Most people planning to get married don’t know enough about prenuptial agreements. No, you don’t want to get divorced, but that doesn’t mean you shouldn’t understand how the prenup works.
What Is It?
A prenuptial agreement, or premarital agreement, is a contract that sets the terms of property rights during marriage. The purpose is to establish rights before the state does it for you. There are a lot of misconceptions about these types of agreements, however.
Prenups aren’t just for the wealthy, although this is the common perception. The purpose of a prenup is to protect both individual’s premarital assets and property, protect a spouse from assuming the debts of the other if they divorce, determine how property should be passed at death, clarify financial rights and responsibilities during the marriage, and avoid disputes if a divorce does happen.
Prenups save spouses money in the long-run, and act as a defense mechanism in the event a spouse dies or decides that they no longer want to be married. These family law attorneys sometimes recommend them to couples before they get married because they dramatically reduce the complication and cost of a divorce or separation.
Is It Right For You?
If you don’t get a prenup, your state sets your property rights for you, and a series of family laws determines how property is handled during and after a marriage. In most states, this means splitting property 50/50, allowing both spouses to have equitable rights in property upon the death of the other spouse, share debts acquired during the marriage, and shared responsibilities in managing property that was purchased during the marriage.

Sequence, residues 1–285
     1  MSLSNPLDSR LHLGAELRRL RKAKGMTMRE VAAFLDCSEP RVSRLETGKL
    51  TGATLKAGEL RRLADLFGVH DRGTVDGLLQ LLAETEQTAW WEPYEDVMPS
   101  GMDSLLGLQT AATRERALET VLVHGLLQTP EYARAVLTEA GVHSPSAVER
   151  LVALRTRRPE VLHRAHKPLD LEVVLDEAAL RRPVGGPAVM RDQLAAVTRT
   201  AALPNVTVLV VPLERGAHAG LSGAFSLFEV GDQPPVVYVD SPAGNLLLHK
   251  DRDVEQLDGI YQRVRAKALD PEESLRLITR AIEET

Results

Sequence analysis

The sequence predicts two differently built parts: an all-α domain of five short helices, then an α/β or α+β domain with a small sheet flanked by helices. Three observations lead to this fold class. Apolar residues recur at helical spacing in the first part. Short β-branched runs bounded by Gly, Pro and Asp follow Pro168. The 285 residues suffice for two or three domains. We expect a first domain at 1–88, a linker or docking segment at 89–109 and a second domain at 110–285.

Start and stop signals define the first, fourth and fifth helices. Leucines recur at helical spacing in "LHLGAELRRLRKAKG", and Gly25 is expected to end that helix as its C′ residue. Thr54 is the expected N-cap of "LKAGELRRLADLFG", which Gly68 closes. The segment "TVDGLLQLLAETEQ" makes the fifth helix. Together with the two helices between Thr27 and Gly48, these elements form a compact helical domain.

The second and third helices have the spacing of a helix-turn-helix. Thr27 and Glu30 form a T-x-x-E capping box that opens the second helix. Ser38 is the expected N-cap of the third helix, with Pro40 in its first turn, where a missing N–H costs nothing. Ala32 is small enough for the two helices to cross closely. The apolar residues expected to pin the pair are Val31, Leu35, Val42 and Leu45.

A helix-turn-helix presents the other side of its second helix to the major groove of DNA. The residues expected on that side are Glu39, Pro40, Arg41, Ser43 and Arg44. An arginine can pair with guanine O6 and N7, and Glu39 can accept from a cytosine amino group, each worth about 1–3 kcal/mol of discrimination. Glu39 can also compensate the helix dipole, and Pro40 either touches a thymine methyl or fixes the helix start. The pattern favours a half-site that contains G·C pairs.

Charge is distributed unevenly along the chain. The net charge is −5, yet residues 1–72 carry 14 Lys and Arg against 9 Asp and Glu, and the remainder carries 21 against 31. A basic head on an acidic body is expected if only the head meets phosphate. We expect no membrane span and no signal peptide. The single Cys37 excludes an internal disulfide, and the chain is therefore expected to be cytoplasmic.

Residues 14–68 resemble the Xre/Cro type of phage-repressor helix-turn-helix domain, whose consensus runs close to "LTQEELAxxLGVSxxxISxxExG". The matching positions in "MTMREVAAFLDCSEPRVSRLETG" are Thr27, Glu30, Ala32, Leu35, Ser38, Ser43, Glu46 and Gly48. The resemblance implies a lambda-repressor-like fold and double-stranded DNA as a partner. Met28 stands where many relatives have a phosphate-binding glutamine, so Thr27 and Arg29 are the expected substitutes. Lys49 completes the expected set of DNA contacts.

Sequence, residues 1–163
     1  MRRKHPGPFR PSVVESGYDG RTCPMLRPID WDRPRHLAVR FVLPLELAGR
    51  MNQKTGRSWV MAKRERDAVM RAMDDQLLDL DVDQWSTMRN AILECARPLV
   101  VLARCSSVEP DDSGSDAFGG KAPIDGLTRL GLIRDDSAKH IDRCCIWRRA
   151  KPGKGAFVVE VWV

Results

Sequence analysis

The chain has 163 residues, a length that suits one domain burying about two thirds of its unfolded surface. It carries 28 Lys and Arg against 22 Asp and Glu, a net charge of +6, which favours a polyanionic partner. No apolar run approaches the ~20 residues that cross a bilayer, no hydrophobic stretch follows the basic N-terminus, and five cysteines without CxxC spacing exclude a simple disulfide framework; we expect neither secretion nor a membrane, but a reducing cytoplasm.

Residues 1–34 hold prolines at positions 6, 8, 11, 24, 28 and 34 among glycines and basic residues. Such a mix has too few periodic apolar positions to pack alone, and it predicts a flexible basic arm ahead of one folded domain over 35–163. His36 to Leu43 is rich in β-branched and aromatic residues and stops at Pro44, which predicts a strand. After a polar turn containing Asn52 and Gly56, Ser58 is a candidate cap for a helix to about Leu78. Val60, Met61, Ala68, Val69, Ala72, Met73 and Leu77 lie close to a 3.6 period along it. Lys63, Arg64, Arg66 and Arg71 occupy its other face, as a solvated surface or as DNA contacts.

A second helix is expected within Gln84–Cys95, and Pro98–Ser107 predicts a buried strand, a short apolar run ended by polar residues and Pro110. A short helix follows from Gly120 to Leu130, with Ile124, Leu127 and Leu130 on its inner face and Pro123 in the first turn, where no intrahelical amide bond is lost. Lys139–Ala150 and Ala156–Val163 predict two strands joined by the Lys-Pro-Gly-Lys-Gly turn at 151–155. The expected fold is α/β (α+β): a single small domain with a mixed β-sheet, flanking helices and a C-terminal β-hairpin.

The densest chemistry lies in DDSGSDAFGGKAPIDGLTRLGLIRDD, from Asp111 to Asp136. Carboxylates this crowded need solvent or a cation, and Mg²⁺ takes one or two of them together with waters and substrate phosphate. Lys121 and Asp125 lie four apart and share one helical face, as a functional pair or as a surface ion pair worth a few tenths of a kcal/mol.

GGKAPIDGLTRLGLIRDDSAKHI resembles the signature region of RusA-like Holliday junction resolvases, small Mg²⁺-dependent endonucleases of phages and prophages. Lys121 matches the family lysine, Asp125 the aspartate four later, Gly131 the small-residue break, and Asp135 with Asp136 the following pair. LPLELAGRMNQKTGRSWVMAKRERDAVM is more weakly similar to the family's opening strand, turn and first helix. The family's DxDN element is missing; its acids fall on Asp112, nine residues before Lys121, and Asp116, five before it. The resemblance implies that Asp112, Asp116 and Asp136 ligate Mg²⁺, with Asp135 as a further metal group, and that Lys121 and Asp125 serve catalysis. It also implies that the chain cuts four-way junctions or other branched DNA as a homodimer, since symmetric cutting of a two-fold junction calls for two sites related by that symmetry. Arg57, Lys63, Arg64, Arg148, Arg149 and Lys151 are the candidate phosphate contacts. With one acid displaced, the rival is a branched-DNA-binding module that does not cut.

In some cases, prenuptial agreements can also outline the procedures for shares of ownership in a business, if you own a business.
To determine is a prenup is right for you, you’ll want to sit down and talk with your spouse about the benefits and disadvantages of having one. Remember, a prenuptial agreement is about property rights, not romanticism.
Why Do It?
There are many benefits to having a prenup, including written documentation of each spouse’s separate property, elimination of court rulings over property distribution at death or during a divorce, a clear distinction between marital and community property, documentation of special arrangements between you and your spouse, and clear delineation of debts and financial responsibilities after a marriage.
Since many marriages end because of disputes over money or a conflict in evolving personal values, having a prenup may be your best defense later against your spouse if he or she changes and decides to leave or if you grow apart and the unthinkable happens.
Why Not Do It?
The most common objection to a prenuptial agreement is the notion that it’s not romantic. If your spouse objects (or if you feel uneasy about signing one), usually the problem stems from thinking that a prenup is a document that will dull the romanticism in your relationship in some way.
Also, the timing might not “be right” for a prenup.
You might be at a point where you don’t want to introduce an element of “doubt” into the marriage, and for many that’s what a prenup is.
What You Can and Cannot Include In A Prenup
Most property issues can be sorted out using a prenuptial agreement. Each state has its own separate laws, however, that govern what types of property constitute communal property and separate property.
One major clause that’s included in prenups is one that protects one spouse from another’s debts. Also, provisions for children from a previous marriage may be included in a prenup. If you want to designate property to stay in the family, this can also be included.
For example, if your mother gave you fine china that was passed down from a previous generation, she may have meant for it to stay with you if you ever split from your wife or husband.
A prenup makes sure that’s what happens. Otherwise, the dishes might be split evenly between you and your spouse or lost entirely.
However, as broad as a prenup may be, it cannot include anything illegal, it cannot include provisions concerning child support or custody, you cannot waive your right to alimony, make rules about personal matters (as opposed to financial matters), and it cannot encourage divorce.
In general, nothing personal must be included in the prenup, or a judge will likely consider it an invalid contract and strike it down.
Rebecca Long Okura is a graduate of the Georgetown University Law Center, and started her own family law firm in 2004. She is also a trained domestics dispute mediator.